One of the thing I enjoy the most with writing the blog and books is getting feedback from you. These comments and questions are crucial to evolving at creating better user experiences and offering extra insight into what my next steps should be. I think it even helps me continue becoming a more grounded, better person in the long run.
Last week, Raul emailed me after reading last week’s post. Here is his email (with his approval) and a longer version of my response to Raul:
Hi Anton and Happy New Year!
As always, great article.
I wanted share with you some of my struggles for 2017 too:
Keep doing wood crafts
Continue improving my guitar playing
Learning web design and UX
On the first two I don’t know how much of an experience you have, but I sure know you’re good at UX and design. Can you point me some good readings that’ll make me understand the basics of both? So far I’ve read The Design of Everyday Things (by Don Norman) and Thinking with type (by Ellen Lupton).
Thanks and keep spreading the UX knowledge!
Just like wood crafts and guitar playing, there’s one thing that’ll make you a better UX-designer. Practice. Practice. Practice.
For some reason, a lot of us think UX-design – and design in general – is a much more theoretic subject than guitar playing and wood crafts when they really have much more in common. While there are theories that can strengthen your skills, the way to become a better guitar player is surely by practicing and taking time to just play around. If you love playing guitar and can play scales for hours, chances are you’ll become a great guitar player. If you love working with your hands and have the patience for doing fine detailed wood crafts, you’ll eventually become a master woodworker. And similarly, if you love playing around with design, trying new things and are OK with the fact that you are not the best, but you strive to be – one day you’ll become a master at that too.
It takes time and patience
If you want to learn to play the guitar, you wouldn’t start by tackling Thunderstruck by AC/DC. You’d start smaller. My guitar teacher made me start by learning to play Have you ever seen the rain by Creedence Clearwater Revival. And when we had wood crafts in school, we made wooden butter knives. You start small and you become a little bit better with every experience.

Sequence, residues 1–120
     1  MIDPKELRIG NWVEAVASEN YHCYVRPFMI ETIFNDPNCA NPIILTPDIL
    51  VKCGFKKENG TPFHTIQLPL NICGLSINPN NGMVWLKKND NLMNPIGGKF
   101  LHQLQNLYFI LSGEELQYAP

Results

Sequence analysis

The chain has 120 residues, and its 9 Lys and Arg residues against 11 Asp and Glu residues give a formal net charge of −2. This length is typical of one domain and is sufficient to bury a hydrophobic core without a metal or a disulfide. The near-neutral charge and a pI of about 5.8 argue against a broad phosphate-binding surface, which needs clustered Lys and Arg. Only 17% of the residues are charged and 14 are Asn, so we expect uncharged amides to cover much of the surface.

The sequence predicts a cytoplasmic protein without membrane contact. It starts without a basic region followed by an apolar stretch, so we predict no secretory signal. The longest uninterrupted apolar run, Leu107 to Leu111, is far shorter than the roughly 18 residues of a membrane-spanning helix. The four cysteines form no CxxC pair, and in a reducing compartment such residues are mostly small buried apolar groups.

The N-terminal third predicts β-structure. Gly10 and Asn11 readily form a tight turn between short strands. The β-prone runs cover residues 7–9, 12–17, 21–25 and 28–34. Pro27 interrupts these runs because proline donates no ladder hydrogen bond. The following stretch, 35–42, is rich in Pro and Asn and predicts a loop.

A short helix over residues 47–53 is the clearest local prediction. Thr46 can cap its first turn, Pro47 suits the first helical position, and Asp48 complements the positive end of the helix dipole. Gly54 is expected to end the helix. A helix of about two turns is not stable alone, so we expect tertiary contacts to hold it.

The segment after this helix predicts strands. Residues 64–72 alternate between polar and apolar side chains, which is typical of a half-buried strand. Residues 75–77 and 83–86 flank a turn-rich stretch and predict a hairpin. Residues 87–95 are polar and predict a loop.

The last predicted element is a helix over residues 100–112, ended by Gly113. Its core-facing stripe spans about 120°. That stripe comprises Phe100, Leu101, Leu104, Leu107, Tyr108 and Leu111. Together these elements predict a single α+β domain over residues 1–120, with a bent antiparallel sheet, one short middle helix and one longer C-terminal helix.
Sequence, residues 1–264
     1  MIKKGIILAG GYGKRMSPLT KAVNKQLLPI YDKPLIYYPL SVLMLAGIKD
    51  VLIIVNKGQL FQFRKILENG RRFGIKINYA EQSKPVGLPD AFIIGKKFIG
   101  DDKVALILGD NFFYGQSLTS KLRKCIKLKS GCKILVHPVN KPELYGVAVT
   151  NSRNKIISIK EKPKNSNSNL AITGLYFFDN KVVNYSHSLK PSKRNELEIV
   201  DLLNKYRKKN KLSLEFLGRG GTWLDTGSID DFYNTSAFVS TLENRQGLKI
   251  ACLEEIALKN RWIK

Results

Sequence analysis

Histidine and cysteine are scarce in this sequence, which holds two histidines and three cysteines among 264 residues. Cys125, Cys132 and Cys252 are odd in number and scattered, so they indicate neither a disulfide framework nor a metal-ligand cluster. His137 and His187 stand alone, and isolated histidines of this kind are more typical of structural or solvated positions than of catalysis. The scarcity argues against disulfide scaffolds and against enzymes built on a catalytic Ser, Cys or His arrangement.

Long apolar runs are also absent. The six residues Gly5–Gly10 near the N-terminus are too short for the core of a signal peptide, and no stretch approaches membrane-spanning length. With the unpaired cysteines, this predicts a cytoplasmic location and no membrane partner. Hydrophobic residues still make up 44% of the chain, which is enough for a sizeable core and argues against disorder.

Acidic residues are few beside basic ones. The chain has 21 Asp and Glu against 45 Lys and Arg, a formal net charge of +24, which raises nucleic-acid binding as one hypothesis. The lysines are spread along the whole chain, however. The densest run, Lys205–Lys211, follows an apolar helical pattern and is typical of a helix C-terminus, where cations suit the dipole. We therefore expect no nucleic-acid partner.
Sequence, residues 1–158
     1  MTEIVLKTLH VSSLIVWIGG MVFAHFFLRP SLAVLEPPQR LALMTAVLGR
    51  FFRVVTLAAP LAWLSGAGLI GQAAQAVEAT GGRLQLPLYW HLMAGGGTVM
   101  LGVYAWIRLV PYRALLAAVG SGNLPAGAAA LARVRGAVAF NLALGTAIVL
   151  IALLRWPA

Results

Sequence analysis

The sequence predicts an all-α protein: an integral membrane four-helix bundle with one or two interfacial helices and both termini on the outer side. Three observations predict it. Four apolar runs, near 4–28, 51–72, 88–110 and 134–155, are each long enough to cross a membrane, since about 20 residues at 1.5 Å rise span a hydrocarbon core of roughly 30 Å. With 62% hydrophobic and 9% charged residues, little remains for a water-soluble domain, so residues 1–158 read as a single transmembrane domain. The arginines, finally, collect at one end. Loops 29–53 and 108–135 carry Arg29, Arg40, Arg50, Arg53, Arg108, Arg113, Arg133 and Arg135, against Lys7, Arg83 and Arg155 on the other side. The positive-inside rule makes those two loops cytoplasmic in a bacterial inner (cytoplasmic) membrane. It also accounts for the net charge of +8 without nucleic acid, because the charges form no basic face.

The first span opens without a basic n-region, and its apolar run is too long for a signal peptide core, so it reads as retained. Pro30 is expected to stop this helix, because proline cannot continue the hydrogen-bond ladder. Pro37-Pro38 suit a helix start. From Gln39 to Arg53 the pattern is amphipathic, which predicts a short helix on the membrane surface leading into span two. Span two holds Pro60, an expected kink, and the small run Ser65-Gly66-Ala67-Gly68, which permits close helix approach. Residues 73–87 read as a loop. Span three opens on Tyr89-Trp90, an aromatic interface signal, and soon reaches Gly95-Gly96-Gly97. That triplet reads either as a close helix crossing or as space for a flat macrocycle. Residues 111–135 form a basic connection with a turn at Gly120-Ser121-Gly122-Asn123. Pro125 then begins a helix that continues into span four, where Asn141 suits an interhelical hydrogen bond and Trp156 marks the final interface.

A couple of weeks ago, I had a great chat with Dan Mall for my upcoming book, Mastering Freelance. How do you become a successful and great designer like Dan? You start small and have faith there’s a lesson to be learned in everything.
Dan’s first job?
My first job when I was an intern for the first two weeks or so, my job was to take everybody’s business cards which were square. I had a manual corner rounder that I had to make everybody’s business cards with rounded corners. I did that for two weeks. I wanted to go animate and do flash stuff and design comps. No, my job was to round business cards.
Just like Ed Sheeran’s first song surely wasn’t a smash hit, Dan Mall’s first design probably wasn’t either. But you can be confident that their small steps helped them improve.
With UX design, there’s an entire world around you with things that can be improved. Not every redesign has to be a complete visual makeover of Uber. Instead, think of your daily routine. Is there a way to improve the experience of your coffee maker? What about your wardrobe? What digital tools would make your commute more pleasant? Really small things can make the biggest difference!
Don’t forget about books
With that said, I’m also a big book reader (and one of my goals for 2017 is to read even more – what are your suggestions for me?). Books are great way of expanding our minds and taking into account someone else’s experiences. With UX design I’ve found that books that necessarily aren’t about UX design are the ones that give me the biggest insights. Creating great user experiences are about understanding humans and their pain points – and finding a better solution for them.
So, what’s the moral of the story?
We are a sum of our experiences and practice strengthens what we do. Read to learn, practice to get better, and strive for mastery. Repeat daily.
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